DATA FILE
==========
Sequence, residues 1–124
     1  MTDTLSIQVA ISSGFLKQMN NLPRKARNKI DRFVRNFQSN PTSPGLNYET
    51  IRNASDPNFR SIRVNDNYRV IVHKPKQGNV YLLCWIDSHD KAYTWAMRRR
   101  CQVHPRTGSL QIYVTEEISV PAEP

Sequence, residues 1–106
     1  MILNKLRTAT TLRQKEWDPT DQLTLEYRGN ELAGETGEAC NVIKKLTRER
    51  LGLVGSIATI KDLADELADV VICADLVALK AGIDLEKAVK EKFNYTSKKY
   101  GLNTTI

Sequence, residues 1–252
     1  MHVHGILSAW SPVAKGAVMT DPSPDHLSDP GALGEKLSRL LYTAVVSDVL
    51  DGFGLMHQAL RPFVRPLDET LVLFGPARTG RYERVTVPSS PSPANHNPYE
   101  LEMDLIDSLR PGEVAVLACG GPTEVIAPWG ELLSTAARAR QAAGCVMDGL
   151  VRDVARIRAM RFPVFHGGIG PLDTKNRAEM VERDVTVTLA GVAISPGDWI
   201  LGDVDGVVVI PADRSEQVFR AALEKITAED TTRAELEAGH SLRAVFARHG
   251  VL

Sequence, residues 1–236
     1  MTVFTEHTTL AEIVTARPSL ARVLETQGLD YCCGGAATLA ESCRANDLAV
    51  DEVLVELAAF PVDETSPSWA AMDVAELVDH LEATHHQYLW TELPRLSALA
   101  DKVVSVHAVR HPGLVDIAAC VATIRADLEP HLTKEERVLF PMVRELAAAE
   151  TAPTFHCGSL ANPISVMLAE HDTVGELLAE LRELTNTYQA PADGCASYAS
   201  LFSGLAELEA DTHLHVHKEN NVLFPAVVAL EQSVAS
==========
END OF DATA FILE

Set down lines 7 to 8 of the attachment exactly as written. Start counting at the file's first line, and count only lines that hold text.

    51  LGLVGSIATI KDLADELADV VICADLVALK AGIDLEKAVK EKFNYTSKKY
   101  GLNTTI